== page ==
The extended family is filled with interesting and colorful personalities.  Most of them are involved in the company in some shape or form; or at least dependent on their share of the family fortune. How they interact with each other and get tangled up in drama makes for titillating reading.  The author does not seem to have left any skeletons in the closet or stones unturned.

This is a very engaging memoir.  Williams’ writing brings all the players to life and makes the reader anxious to know what happens to them next.  It has all the ingredients for a great piece of fiction but is even better when you realize it all really happened.  A great read!

Saturday, July 13, 2019

Another great review of The Maybelline Story from a guys point of view

By James Pringle.

I just wanted to let you know that your book captivated my attention, from beginning to end.The Maybelline Story, your family history, is a mixture of joy and sadness, complete with a full array of emotions, as well as plenty of adventure and drama to stimulate the imagination.

Throughout your book, I drew mental pictures of locations and events which you eloquently described.  The photos in your book helped to complete my mental images of your family.  While reading your book it was as if I were watching a movie of "The Maybelline Story" in my mind.

In fact, I would be very surprised if "The Maybelline Story" is not someday showing in theaters as a full-length movie or as a  mini-series on TV.  Indeed.  

Sunday, July 7, 2019

Digi/Writing interview, " What inspired you to write The Maybelline Story"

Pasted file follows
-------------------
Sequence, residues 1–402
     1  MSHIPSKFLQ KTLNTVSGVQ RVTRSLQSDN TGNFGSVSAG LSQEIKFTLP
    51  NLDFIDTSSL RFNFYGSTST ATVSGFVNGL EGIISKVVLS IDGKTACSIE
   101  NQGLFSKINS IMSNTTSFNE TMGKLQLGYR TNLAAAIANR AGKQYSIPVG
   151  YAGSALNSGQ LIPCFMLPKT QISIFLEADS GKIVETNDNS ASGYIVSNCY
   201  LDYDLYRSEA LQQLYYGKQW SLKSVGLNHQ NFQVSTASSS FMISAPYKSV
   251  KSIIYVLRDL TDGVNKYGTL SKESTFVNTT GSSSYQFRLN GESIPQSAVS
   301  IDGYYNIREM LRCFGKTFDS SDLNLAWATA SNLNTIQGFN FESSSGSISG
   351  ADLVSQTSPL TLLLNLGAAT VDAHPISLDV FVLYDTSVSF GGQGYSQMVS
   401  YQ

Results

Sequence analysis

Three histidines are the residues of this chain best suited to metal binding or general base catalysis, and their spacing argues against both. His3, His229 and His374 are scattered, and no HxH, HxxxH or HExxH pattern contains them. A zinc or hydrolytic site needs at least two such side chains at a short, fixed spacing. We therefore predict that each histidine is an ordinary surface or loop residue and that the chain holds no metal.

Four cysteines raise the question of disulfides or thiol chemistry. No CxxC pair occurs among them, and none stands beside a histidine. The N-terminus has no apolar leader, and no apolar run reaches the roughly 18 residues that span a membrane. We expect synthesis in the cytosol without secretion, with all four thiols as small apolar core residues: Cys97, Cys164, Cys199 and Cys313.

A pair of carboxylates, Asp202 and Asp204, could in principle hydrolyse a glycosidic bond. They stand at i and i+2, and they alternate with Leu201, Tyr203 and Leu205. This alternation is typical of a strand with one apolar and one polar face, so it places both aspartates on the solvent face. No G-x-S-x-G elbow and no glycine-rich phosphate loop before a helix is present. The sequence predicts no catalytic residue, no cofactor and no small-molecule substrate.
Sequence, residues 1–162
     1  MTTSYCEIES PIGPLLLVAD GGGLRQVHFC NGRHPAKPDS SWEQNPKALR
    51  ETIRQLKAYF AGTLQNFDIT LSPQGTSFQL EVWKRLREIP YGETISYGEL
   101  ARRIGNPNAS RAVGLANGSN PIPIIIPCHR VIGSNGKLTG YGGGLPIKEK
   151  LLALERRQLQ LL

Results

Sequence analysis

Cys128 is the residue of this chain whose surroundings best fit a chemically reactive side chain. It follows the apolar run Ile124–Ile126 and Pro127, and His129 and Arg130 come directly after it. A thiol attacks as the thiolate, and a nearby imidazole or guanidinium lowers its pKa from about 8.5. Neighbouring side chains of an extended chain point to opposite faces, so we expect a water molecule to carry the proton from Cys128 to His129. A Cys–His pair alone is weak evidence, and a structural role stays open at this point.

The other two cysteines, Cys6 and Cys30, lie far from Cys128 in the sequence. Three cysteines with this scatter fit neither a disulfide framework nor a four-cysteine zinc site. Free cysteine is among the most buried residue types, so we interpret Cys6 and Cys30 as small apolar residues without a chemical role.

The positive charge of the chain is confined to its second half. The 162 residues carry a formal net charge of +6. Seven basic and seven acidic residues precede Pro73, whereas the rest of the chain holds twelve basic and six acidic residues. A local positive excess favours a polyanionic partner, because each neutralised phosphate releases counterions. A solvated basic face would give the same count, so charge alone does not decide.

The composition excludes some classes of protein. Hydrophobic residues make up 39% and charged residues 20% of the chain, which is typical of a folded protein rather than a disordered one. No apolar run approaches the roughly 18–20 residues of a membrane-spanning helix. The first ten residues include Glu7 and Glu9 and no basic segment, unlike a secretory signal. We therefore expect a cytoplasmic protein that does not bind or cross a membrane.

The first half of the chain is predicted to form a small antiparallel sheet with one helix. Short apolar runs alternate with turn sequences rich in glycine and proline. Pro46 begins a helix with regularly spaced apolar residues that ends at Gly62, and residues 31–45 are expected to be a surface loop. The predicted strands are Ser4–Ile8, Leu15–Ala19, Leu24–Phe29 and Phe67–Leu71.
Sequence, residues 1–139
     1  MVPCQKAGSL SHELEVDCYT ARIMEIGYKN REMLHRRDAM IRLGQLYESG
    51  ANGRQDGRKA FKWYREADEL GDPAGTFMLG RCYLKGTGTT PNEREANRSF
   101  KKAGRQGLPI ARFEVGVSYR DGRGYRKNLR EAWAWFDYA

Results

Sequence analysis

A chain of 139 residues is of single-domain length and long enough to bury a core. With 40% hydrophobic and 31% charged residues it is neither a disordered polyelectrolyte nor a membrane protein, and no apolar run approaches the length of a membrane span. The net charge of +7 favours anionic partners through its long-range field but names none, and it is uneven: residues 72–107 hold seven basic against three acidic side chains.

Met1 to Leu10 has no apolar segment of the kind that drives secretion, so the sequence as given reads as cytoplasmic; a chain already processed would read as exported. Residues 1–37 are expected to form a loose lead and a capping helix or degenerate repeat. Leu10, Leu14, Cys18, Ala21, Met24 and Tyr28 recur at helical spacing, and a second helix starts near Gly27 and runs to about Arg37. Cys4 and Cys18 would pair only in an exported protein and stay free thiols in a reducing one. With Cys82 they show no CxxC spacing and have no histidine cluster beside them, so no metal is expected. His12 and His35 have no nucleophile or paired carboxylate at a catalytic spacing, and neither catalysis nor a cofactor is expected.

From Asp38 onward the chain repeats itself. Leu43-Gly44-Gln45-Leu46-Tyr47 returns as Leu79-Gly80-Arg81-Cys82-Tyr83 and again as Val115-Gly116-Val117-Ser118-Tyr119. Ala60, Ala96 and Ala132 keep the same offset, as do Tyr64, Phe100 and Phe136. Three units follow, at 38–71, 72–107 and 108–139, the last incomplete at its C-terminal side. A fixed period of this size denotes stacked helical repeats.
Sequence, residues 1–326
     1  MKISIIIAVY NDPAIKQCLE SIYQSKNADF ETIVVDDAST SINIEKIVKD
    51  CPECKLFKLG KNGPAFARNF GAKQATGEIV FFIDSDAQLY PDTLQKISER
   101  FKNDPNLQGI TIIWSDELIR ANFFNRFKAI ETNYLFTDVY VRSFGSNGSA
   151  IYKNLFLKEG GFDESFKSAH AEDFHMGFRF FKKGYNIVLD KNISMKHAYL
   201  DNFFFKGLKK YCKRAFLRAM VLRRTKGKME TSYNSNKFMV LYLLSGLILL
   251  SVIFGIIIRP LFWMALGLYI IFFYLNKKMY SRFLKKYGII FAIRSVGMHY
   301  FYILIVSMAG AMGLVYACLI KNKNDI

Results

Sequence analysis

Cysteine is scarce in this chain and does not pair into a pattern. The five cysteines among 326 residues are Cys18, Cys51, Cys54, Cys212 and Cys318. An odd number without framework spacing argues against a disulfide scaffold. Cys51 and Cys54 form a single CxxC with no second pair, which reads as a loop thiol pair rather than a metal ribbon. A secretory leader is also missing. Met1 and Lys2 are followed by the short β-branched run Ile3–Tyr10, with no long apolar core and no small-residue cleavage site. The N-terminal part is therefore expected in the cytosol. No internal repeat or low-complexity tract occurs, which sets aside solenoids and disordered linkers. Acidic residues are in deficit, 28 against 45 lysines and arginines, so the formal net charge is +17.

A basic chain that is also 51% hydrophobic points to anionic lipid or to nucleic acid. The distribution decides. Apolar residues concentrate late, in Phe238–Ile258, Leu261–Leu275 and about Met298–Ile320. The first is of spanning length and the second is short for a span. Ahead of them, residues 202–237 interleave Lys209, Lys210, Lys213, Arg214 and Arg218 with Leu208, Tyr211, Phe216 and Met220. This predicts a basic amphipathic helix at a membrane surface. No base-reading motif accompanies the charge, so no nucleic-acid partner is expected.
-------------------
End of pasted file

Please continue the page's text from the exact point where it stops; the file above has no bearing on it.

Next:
I Am A Writer Series – Writing Tips 

Q&A With Sharrie Williams

Want to know what other writers think? Check out our I Am A Writer Series where we ask writers to share tips, experiences, and thoughts about what matters to them.

When did you first realize that you wanted to be a writer?

I kept a diary at fifteen and expanded to intensive journal keeping in my thirties. After my grandmother, Miss Maybelline’s, mysterious death, I knew I had to tell her story. That’s how my book The Maybelline Story was inspired.

Have you ever tried writing in a cafe? How did you find the experience?

When I was writing The Maybelline Story I’d sometimes go to Starbucks when I didn’t have internet where I was visiting. I found it better than a library. It was comfortable, and I liked the hum of people coming and going. If I needed to ask a question, I’d ask it out loud, and usually someone else working on their computer would come over and help me.

What was your favourite subject in school? Were you always a strong writer?

I was a drama major in high school and junior college. I graduated with a Bachelor’s Degree in psychology. Both subjects taught me to be a great story teller and, combined with my journaling, I progressively became a strong writer.

Do you imagine the world you’re going to write about before you write it? Or does it come to you through the story?

Being an Ira Progroff intensive journal keepingstudent for over thirty-five years, I have learned to tap into my inner world and develop stories I never dreamed of. It’s called automatic writing. I go into a meditation space and just let my characters tell me their stories. That’s how I wrote The Maybelline Story.

Do you get writer’s block? If so, what technique gets you writing again?